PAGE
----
The AIM spacecraft continues to operate nominally. The last bitlock occurred on July 29. During this period of bitlock we commanded the CDE instrument off since it’s no longer operational. The operations team has been studying the lesson's learned from the SORCE spacecraft and updated the Electrical Power System Fault Detection and Correction algorithms. The new algorithms will allow AIM to continue to operate in the event the battery should start to exhibit signs of degradation. These modifications will be uplinked during the next bitlock opportunity.
SOFIE: The conditions associated with PMCs are generally thought to favor cubic ice (Ic), however, it has been suggested that PMCs may originate as amorphous ice (Ia) through homogeneous nucleation at temperatures below ~130 K [Zasetsky et al., 2009; Murray and Jensen, 2010]. SOFIE observations indicate that PMCs are composed of cubic ice, and that amorphous ice is either absent in PMCs or cannot be detected [Hervig and Gordley, 2010]. The Figure below shows the agreement between SOFIE and model predictions for cubic ice, but that predictions for amorphous ice do not match the measurements. SOFIE extinction ratios are shown for June 1 – August 20, 2008 at PMC altitudes (81 - 91 km), and only observations that were greater than the noise. SOFIE data are compared to model results for a range of particle axial ratios (AR) and either cubic or amorphous ice. Model results for cubic ice (Ic) used the Clapp et al.  refractive indices. Model results for amorphous ice (Ia) used indices from Hudgins et al.  (80 and 120K), Mukai and Kraetschmer  (23K), and Leger et al.  (77K). The SOFIE results suggest either that homogeneous nucleation does not occur, or that amorphous ice resulting from homogeneous nucleation is a transient phase due to rapid transformation into crystalline ice. Meteoric smoke is still considered the most likely ice nuclei under typical PMC conditions [Rapp and Thomas, 2006]. This idea was recently supported by SOFIE observations which indicate that PMC particles contain small amounts of smoke [Hervig et al., 2012].
CIPS: We have now completed 11 seasons of CIPS observations. CIPS continues to perform well, with no health issues. PMC frequencies for all seasons at 85° latitude and 70° latitude are shown in the figure here for ascending node (left) and descending node (right) observations. Day-to-day variations at the two latitudes are clearly different, suggesting that the CIPS observations, because of their broad coverage, provide leverage for understanding the underlying physics. The early start to the SH09 season was explained by Karlsson et al. . Variability in the season onset observed here for other years is likely caused by a combination of changes in zonal winds in the SH stratosphere and the solar cycle, as described by Benze et al. , with a possible contribution from rocket launches. Differences in day-to-day variability in different seasons and at different latitudes are at least partly controlled by atmospheric dynamics, the details of which are just beginning to be unraveled.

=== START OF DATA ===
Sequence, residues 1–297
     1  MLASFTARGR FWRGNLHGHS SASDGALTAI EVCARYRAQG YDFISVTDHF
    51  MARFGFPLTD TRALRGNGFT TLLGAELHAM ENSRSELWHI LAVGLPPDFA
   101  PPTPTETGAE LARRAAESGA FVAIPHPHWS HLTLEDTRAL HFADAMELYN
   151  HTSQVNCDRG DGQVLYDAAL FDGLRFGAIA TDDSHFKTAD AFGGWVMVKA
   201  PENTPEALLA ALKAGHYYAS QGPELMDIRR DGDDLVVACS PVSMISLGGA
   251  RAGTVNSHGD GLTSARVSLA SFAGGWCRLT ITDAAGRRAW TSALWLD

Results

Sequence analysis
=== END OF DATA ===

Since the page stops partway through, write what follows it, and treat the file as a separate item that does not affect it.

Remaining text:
Karlsson, B., C. E. Randall, T. G. Shepherd, V. L. Harvey, J. Lumpe, K. Nielsen, S. M. Bailey, M. Hervig, and J. M. Russell III (2011), On the seasonal onset of polar mesospheric clouds and the breakdown of the stratospheric polar vortex in the Southern Hemisphere, J. Geophys. Res., 116, D18107, doi:10.1029/2011JD015989.
Benze, S., C. E. Randall, B. Karlsson, V. L. Harvey, M. T. DeLand, G. E. Thomas, and E. P. Shettle (2012), On the onset of polar mesospheric cloud seasons as observed by SBUV, J. Geophys. Res., 117, D07104, doi:10.1029/2011JD017350.
On June 17, 2012, Gloria Faus, conducted an AIM/PBL presentation at the NASA Innovations in Climate Education (NICE) DUST workshop, implemented by Hampton University, at Graves Mt. Lodge in Syria, VA. She demonstrated how she and her students used AIM content to develop a Problem Based Learning (PBL) module. Her presentation will be posted at http://dust.hamptonu.edu Ms. Faus is a former AIM workshop participant who continues to work with AIM outreach.
New ISS Photo
The Gateway to Astronaut Photography of Earth, a beautiful NLC Photo from the ISS taken summer 2012.
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